1. That is not the list of names. That is an innocuous example list to show what they are looking for.
      2. You just demonstrated the very point Lindows is making. Microsoft is not attacking Lindows because of name similarity, they are attacking it because of the product. If Lindows ran on Windows, they would not be attacking it.
      • You just demonstrated the very point Lindows is making. Microsoft is not attacking Lindows because of name similarity, they are attacking it because of the product. If Lindows ran on Windows, they would not be attacking it.

        Yes, but they aren't Operating Systems. Lindows is a) an OS, b) an OS that's copying Windows functionality*, and c) was obviously named with the intent of infringing on their brand name.




        * In order to run Win32 software they must be copying or emulating Win32 to a large degree. This has nothing to do with copying "ideas" (Win copied Mac copied Xerox argument is irrelevant). Very few ideas are "original" anyway. My point is they have reversed engineered and are mimicking the functionality of the OS in it's entirety.
    • I think that we need to make a reality check here. I really doubt that Microsoft will get ANY bad publicity from this case, at least where it counts - with the consumer. Sure, the open source movement will hate Microsoft, but guess what? They already do.

      What they should have done was to call the program "McLindows". That way both Micro$oft and McDonalds would get involved, and cancel each other out like matter and antimatter.
    • If Lindows if phonetically (sp?) similar to Windows, why not just callit Linders or something? That takes care of the phonetics.
  • by Ieshan (409693) <.moc.liamg. .ta. .nahsei.> on Tuesday January 15, 2002 @12:00AM (#2840079) Homepage Journal
    From Lindows.com
    Lindows.com may disclose personal information to third parties we engage to provide services that involve data processing on our behalf. Also, if some or all of the assets of Lindows.com are sold to a third party, such third party will be entitled to use the personal information disclosed by users of this Web Site, but only in accordance with the terms of this Privacy Statement.

    Now, someone explain. Does Microsoft help them with data processing? No. Have any assets of Lindows.com been sold to a third party? No. Therefore, they're in breach of their Privacy Policy, which is clearly stated here [lindows.com].

    They do cover themselves by saying this: "Lindows.com reserves the right to change this policy at any time by posting a new privacy policy at this location." However, there's been no change to their privacy policy. Somebody made a boo-boo, it seems, because no amount of forcing should compel Lindows.com to break their own privacy contract with their customer/supporter.

    Actually, reading it again, there's one place where the website COULD share your information: "We do not share your contact information with any third party without your consent, except to a court or governmental agency."

    Then again, the Microsoft branch of our government probably didn't authorize this anyhow. :)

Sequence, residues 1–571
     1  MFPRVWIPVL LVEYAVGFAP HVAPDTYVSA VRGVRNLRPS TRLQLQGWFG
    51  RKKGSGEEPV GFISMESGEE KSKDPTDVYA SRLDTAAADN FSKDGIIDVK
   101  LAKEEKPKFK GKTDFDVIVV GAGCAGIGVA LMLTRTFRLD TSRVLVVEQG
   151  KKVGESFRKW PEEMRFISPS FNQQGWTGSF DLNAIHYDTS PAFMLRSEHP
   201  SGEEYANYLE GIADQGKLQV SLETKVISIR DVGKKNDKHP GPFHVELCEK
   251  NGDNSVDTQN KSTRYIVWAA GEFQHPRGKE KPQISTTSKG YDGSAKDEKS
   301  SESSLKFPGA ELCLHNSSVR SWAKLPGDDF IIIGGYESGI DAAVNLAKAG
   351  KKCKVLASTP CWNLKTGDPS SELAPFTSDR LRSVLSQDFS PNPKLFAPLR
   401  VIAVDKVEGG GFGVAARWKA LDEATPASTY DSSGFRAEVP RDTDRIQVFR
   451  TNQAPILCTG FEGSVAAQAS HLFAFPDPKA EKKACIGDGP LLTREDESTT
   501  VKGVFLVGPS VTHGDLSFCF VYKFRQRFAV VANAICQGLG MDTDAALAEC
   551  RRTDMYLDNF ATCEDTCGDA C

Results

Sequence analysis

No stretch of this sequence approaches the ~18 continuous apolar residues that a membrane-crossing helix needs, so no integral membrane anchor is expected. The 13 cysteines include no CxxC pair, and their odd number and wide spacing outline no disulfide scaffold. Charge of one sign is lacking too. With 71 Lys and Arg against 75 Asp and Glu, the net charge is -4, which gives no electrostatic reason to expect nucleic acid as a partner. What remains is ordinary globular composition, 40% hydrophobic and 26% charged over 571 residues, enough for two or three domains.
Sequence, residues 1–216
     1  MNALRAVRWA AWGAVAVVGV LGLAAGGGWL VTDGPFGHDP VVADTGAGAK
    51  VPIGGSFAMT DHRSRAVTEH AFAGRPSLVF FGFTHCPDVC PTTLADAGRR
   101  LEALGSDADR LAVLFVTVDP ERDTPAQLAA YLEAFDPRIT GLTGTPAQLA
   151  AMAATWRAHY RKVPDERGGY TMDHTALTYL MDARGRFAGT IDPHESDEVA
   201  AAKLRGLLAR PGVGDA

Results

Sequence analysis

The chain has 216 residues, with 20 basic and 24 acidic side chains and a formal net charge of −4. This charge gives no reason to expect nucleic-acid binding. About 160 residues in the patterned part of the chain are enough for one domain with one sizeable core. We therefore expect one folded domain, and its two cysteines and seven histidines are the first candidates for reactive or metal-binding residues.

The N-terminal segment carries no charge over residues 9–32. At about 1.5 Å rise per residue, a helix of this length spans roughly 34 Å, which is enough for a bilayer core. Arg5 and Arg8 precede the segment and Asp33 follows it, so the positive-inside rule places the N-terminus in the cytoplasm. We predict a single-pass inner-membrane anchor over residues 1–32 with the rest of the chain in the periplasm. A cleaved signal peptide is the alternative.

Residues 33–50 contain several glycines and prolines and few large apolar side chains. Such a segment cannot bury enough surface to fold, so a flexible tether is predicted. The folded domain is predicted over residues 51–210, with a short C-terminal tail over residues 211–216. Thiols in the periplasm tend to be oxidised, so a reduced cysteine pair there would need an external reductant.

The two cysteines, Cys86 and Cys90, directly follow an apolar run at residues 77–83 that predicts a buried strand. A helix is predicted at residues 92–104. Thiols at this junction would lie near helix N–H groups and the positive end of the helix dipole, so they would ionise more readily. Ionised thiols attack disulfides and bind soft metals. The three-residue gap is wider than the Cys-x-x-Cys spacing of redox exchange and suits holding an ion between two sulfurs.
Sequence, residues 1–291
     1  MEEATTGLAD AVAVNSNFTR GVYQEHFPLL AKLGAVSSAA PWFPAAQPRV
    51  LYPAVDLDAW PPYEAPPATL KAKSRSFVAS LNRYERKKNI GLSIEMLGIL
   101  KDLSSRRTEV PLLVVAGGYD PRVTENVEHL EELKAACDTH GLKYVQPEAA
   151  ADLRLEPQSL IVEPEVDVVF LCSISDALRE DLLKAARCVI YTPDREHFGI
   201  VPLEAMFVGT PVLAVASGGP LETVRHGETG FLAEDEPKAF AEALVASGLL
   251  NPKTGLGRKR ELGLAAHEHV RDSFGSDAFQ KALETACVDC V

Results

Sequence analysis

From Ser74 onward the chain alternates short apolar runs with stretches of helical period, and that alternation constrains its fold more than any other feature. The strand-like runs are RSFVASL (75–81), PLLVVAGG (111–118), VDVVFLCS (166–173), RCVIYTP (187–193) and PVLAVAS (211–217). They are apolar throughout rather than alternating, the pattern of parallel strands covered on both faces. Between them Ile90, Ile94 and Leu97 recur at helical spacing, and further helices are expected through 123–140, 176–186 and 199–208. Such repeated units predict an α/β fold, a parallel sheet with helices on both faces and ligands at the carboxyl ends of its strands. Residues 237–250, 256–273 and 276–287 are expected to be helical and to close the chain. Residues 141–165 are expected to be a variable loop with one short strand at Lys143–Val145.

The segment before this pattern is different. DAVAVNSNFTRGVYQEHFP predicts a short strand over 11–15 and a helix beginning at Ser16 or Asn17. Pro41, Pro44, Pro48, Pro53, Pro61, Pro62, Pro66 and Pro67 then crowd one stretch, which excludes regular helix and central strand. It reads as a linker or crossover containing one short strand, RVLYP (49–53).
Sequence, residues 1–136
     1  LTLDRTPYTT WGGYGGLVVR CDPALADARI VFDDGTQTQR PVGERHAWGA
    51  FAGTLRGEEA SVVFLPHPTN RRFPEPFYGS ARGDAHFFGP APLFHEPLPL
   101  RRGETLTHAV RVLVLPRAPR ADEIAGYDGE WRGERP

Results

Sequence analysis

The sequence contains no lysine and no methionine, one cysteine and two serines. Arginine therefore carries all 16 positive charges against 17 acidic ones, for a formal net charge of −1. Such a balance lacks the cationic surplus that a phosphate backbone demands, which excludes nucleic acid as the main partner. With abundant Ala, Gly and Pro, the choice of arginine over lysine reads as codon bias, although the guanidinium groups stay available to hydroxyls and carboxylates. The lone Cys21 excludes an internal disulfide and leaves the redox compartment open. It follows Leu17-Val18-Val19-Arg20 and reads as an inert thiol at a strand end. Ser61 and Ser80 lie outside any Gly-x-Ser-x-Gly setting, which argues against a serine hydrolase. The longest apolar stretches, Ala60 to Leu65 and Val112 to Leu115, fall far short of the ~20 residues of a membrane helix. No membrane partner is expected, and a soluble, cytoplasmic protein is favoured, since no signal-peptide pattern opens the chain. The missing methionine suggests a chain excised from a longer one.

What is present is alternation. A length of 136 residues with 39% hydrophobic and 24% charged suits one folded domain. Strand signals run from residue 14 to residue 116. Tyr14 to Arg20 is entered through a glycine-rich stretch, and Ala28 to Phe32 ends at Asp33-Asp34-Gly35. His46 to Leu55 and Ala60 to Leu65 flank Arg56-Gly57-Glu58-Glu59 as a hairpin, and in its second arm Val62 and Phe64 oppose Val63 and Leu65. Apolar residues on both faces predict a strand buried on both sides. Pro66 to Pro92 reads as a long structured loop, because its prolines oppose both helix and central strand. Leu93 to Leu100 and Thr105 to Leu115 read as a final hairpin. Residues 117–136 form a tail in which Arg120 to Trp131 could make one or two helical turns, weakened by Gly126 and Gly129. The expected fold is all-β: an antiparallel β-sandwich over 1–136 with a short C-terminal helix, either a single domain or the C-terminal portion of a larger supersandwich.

• We do not share your contact information with any third party without your consent, except to a court or governmental agency.

      That's it. Lindows was ordered by a court of law to surrender this information under the rules of discovery. This means that they give the information to the Court. The COURT then gives it to everyone involved in the suit. This path goes both ways - Lindows can subpoena documents from MS too.

      Due process trumps corporate policy in all cases. This shouldn't be news to anyone. See, for example, the DoJ v. Microsoft, where we were cheering for the side of due process.
  • Motivation? (Score:2, Interesting)

    by chas7926 (513140)
    At first I wanted to immediately go to lindows.com and sign up so that Microsoft would see how many people were interested in an alternative to their product. However, after thinking about it for a minute, perhaps they are going to argue that all the people signed up at the lindows.com site actually wanted to sign up at windows.com. They could then claim lost revenue and "strengthen" their case.

    Far-fetched you say? Didn't AOL win an injunction against GAIM for something similar?
  • Think about this. The second they use this information to communicate product related spam, either direct advertisements or Windows related propoganda, they violate the purpose of collecting the information.

    Any self-respecting judge or attorney would not allow the subpoena of information in a trademark dispute case to be turned into undeserved financial gain. This doesn't make sense. If Microsoft uses the information improperly, obviously they will be reprimanded for it.

    However, this doesn't mean efforts shouldn't be taken by Lindows counsel to make sure the lists are not established as part of the public record, in which case they would be free domain. Unfortunately, this is another issue altogether.
  • by guttentag (313541) on Tuesday January 15, 2002 @12:20AM (#2840159) Journal
    of John Landis's Coming to America [imdb.com] :

    They are McDonalds, we are McDowells. They have the Golden Arches, we have the Golden Arcs. They have two all beef patties special sauce lettuce cheese pickles onions on a sesame seed bun. We also have two all beef patties special sauce lettuce cheese pickles onions... but they're no seeds in OUR buns.

    In this case, I'd love to see the defense attorney tell the judge:

    They have Windows, we have Lindows. They have "feature-rich" products, we call them "not ready to ship" products. They have the ability to run Windows programs. We also have the ability to run Windows programs, but there is no need to choose between Windows and Linux with OUR operating system.